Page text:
If you believe that you have been a victim of discrimination, it is important to know how to check if employment discrimination happened in your case. Hiring an employment litigation lawyer Washington, D.C. can increase your chances of success.
As with most legal matters, there are many factors that determine whether or not your claim has merit. These factors include the type of claim you have made; how long ago it occurred; how many employees were involved; how many witnesses were present; what kind of evidence was collected; and whether or not you reported the incident within a reasonable amount of time.
The first thing to understand is that there is no one-size-fits-all approach to determining whether or not you’ve been discriminated against at work. The laws are different for each type of discrimination, and the nature of the evidence necessary to prove your case will vary depending on what happened to you.
Some types of discrimination can be easier to prove than others. For example, it’s pretty easy to tell if someone was sexually harassed at work — they’ll probably have some kind of evidence, like a text message or email from their harasser or documentation from HR about what happened when they complained about inappropriate behavior.
But other types of discrimination are harder to prove because they’re less obvious and may happen behind closed doors. For example, if an employee is fired because his boss doesn’t like his disability or race, it might be hard for him to prove that he was fired because of those reasons instead of for other reasons that don’t involve unlawful discrimination (like poor performance).
Types of Discrimination
Discrimination has many forms. It can be based on race, gender, religion, or disability. If you believe you have been the victim of discrimination, the first thing to do is to talk with an employment litigation lawyer in Washington, D.C. from Eric Siegel Law. They can determine if there is any evidence to support your claim and help you decide how best to proceed.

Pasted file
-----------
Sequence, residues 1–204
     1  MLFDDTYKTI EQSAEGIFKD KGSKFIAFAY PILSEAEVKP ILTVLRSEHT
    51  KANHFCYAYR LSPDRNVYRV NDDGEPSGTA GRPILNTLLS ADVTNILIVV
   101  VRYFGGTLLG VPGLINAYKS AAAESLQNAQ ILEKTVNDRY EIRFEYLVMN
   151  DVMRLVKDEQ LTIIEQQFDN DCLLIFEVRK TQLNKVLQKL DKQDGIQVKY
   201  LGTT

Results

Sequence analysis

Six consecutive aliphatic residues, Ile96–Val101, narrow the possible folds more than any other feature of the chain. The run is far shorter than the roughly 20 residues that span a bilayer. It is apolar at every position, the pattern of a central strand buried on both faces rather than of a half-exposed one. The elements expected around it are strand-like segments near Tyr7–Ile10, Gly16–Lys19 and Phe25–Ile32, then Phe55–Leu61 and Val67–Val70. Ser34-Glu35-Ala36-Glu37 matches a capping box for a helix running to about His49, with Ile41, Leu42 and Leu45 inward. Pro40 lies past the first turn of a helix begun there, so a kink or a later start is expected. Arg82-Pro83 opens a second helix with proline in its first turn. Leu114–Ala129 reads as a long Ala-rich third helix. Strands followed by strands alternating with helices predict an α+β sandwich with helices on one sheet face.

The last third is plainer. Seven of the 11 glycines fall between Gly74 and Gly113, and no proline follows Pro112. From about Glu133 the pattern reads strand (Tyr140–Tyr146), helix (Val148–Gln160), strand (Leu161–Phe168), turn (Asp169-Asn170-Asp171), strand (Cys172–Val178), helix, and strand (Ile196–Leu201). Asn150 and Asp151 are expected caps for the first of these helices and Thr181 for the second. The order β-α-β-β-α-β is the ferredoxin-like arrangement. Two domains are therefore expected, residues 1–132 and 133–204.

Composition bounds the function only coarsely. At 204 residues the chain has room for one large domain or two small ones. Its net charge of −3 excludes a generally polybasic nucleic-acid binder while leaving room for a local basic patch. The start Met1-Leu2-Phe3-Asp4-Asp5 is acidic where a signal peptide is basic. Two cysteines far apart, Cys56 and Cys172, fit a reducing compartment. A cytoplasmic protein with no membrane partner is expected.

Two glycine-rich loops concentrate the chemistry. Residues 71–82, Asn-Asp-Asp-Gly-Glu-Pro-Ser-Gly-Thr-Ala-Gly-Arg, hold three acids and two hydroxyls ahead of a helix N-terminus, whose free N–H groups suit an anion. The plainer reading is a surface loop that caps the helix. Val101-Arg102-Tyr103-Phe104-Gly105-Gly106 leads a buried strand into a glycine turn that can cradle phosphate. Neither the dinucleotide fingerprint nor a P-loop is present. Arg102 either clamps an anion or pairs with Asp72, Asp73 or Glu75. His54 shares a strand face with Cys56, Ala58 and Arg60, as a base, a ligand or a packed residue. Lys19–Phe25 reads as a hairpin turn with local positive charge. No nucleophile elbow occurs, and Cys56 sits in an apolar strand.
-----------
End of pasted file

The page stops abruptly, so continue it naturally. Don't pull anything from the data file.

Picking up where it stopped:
Discrimination comes in many forms:
- Sexual harassment
- Disability discrimination (in which a worker is discriminated against because of physical or mental disabilities)
Sexual harassment occurs when a coworker or manager makes unwanted sexual advances toward an employee. In some cases, it can also occur between two coworkers who are not managers if one person feels uncomfortable by the other’s actions.
The Equal Employment Opportunity Commission (EEOC) defines sexual harassment as “unwelcome sexual advances, requests for sexual favors and other verbal or physical conduct of a sexual nature” that interferes with work performance or creates an intimidating work environment. Sexual harassment may also occur when an employer implicitly condones inappropriate behavior by failing to take corrective action after being informed of it.
Discrimination Claims Categories
Most employment discrimination claims fall under one of two categories: quid pro quo or hostile work environment. Quid pro quo refers to an employee’s terms of employment being altered as a result of their race, gender, religion or other protected characteristic. A hostile work environment refers to any workplace conditions that make an employee feel uncomfortable based on their protected status. Both types of claims require proof that the employer was aware of the problem and failed to take appropriate action.